The White House’s list of about 50 metrics to evaluate progress in Afghanistan and Pakistan, which it assembled to calm rising fears in Congress and the public about the Obama administration’s increasingly embattled war strategy, is up on ForeignPolicy.com (with a more legible version here). The draft list, dated Sept. 16, 2009 and delivered to a closed congressional hearing today, clearly states that the "goal of the United States is to disrupt, dismantle, and defeat al-Qa’ida in Pakistan and Afghanistan, and to prevent their return to either country in the future."
As Josh Rogin correctly points out over at The Cable, there are three main goals laid out in the document: "disrupting terrorist networks in Afghanistan and especially Pakistan, working to stabilize Pakistan, and working to achieve a host of political and civic goals in Afghanistan." Important, all.
Many of the metrics of progress, though, are things that can’t really be measured all that easily: "development of an enduring, strategic partnership between the U.S. and Pakistan," for example, or "status of relations between Afghanistan and Pakistan." That’s fine — qualitative measures are valuable too. What’s missing are concrete benchmarks: dates, sizes of forces, timetables for progress. This document distinctly does not say, "The size of the U.S. force in Afghanistan will be X by Y date," or anything similar (though it does tell us that there will be an assessment of progress by March 30, 2010 and "on regular intervals thereafter").
The omission of these kind of solid, measurable tick marks means that the Obama administration will probably be able to claim that it is making "progress" in the war effort, no matter what happens on the ground, positive or negative.
Also conspicuously absent from the ambitious, broad-reaching list, in line with Gen. Stanley McChrystal’s population-centric campaign, are any body counts — American, NATO, coalition, and insurgent alike (though the metrics to achieve Objective 1, disrupting terrorist networks in Afghanistan and "especially Pakistan," are hidden in the classified annex).
Specific numbers of IEDs in Afghanistan found and disabled — which JIEDDO already tracks, so could have been an easy check-the-box — are also not mentioned here. No discussion of the number of suicide bombers, thwarted or not, in Afghanistan and Pakistan, which is one way to measure security in either country.
Refugees returning home from abroad and from being internally displaced by conflicts like this spring’s Pakistani military offensive in the Swat Valley are also omitted, as are improved literacy rates — recently reported by the AP to be a big challenge for the Afghan National Security Forces — and increased educational opportunities for children in the troubled region. No mention of the number of secure hospitals or health care clinics available to rural Afghans, either. Nor the number of coalition airstrikes that kill civilians.
The document also talks about the "volume and value of narcotics" in Afghanistan, but skips over any figures about replacement crops like wheat.
This isn’t to imply at all that the document leaves everything out, or that these omissions are the best and only ways to measure progress in Afghanistan and Pakistan. One important metric included in the document is the "percent of the population living [in Afghanistan] in districts/areas under insurgent control." This is a subtle difference from most of the analysis I’ve seen about what percentage of Afghanistan’s physical territory is controlled by the Taliban, and is probably a better measure of security in the country.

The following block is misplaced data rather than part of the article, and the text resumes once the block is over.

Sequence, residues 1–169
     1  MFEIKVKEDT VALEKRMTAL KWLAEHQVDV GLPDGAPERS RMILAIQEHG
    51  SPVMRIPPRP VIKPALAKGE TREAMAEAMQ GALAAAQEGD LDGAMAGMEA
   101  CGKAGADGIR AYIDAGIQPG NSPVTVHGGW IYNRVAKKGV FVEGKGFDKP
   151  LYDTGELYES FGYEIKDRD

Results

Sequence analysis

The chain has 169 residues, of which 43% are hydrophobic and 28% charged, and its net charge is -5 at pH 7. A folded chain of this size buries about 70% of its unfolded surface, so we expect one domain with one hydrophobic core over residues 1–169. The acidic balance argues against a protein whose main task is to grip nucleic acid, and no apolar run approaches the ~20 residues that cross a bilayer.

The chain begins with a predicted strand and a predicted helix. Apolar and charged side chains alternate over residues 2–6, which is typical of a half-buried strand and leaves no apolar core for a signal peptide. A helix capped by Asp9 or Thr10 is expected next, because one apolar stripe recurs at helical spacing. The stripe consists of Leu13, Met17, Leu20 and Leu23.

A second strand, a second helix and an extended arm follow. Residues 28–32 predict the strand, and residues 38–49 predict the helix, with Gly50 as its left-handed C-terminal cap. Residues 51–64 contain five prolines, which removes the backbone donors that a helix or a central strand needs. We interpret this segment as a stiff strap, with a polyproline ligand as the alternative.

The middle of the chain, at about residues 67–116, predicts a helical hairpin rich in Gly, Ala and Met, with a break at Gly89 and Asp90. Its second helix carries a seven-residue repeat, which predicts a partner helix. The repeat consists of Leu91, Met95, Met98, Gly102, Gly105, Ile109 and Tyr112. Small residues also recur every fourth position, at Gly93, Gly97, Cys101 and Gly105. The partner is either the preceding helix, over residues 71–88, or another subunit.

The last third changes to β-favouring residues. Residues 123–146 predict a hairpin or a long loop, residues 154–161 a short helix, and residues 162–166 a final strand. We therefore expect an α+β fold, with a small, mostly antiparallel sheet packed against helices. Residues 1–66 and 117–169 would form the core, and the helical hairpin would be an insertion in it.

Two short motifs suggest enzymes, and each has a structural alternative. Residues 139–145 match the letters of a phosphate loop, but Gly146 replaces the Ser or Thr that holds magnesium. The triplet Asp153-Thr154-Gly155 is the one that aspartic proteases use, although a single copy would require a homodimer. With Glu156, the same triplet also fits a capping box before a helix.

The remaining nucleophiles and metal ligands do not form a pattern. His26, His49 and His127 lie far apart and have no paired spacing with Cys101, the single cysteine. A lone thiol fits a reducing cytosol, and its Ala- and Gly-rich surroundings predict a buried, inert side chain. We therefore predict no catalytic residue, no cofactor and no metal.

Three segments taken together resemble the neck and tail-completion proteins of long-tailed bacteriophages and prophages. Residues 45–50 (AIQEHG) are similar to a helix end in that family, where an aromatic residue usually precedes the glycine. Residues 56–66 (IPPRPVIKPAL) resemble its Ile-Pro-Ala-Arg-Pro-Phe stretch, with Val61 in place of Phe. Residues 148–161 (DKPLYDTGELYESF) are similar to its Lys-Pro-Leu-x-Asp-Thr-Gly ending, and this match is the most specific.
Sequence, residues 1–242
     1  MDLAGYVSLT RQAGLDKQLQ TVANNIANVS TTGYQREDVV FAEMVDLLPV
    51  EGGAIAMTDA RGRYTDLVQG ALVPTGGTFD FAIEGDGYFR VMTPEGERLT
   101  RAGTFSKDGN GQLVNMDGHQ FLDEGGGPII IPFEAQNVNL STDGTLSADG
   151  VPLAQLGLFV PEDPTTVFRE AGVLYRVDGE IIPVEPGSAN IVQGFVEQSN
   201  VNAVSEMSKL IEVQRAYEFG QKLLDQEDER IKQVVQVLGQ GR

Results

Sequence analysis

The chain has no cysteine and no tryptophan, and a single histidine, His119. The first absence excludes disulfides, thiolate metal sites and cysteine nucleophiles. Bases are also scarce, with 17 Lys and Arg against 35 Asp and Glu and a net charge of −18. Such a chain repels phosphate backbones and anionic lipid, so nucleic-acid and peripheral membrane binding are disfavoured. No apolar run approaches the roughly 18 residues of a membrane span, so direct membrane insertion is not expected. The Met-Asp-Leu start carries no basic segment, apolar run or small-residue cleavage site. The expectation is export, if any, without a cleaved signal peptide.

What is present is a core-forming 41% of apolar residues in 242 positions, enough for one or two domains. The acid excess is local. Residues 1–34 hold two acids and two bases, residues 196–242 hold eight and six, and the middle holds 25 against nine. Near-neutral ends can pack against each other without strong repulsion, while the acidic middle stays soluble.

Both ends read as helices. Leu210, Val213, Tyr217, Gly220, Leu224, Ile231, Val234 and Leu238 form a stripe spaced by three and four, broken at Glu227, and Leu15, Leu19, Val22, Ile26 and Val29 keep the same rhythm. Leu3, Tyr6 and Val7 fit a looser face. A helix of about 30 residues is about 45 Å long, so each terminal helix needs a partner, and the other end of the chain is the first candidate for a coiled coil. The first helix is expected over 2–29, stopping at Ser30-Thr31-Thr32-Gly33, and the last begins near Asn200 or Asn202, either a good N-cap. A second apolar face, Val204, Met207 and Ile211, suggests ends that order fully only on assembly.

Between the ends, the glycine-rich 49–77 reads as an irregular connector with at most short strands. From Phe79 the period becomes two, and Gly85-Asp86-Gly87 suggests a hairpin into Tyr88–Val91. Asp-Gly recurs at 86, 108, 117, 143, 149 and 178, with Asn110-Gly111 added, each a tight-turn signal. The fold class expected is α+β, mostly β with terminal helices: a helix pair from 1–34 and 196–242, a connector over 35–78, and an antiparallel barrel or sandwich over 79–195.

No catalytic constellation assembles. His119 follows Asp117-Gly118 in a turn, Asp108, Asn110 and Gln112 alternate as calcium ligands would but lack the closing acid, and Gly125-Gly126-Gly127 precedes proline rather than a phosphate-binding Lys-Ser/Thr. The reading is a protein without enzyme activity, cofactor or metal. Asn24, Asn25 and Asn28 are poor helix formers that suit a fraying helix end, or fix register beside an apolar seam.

Additionally, this set of metrics pays much-needed attention to public opinion in Pakistan and Afghanistan, citing "Pakistani public opinion of government performance" and "public perception at the district level of the Afghan Government’s effectiveness and sustained ability to provide services" as benchmarks. Problems with polling in either country aside, it is a critical recognition of the importance of hearts and minds in the region.
More to come as the AfPak Channel peruses the document more closely.
Josh Rogin covers national security and foreign policy and writes the daily Web column The Cable. His column appears bi-weekly in the print edition of The Washington Post. He can be reached for comments or tips at email@example.com.
Previously, Josh covered defense and foreign policy as a staff writer for Congressional Quarterly, writing extensively on Iraq, Afghanistan, Guantánamo Bay, U.S.-Asia relations, defense budgeting and appropriations, and the defense lobbying and contracting industries. Prior to that, he covered military modernization, cyber warfare, space, and missile defense for Federal Computer Week Magazine. He has also served as Pentagon Staff Reporter for the Asahi Shimbun, Japan's leading daily newspaper, in its Washington, D.C., bureau, where he reported on U.S.-Japan relations, Chinese military modernization, the North Korean nuclear crisis, and more.
A graduate of George Washington University's Elliott School of International Affairs, Josh lived in Yokohama, Japan, and studied at Tokyo's Sophia University. He speaks conversational Japanese and has reported from the region. He has also worked at the House International Relations Committee, the Embassy of Japan, and the Brookings Institution.
Josh's reporting has been featured on CNN, MSNBC, C-Span, CBS, ABC, NPR, WTOP, and several other outlets. He was a 2008-2009 National Press Foundation's Paul Miller Washington Reporting Fellow, 2009 military reporting fellow with the Knight Center for Specialized Journalism and the 2011 recipient of the InterAction Award for Excellence in International Reporting. He hails from Philadelphia and lives in Washington, D.C.| The Cable |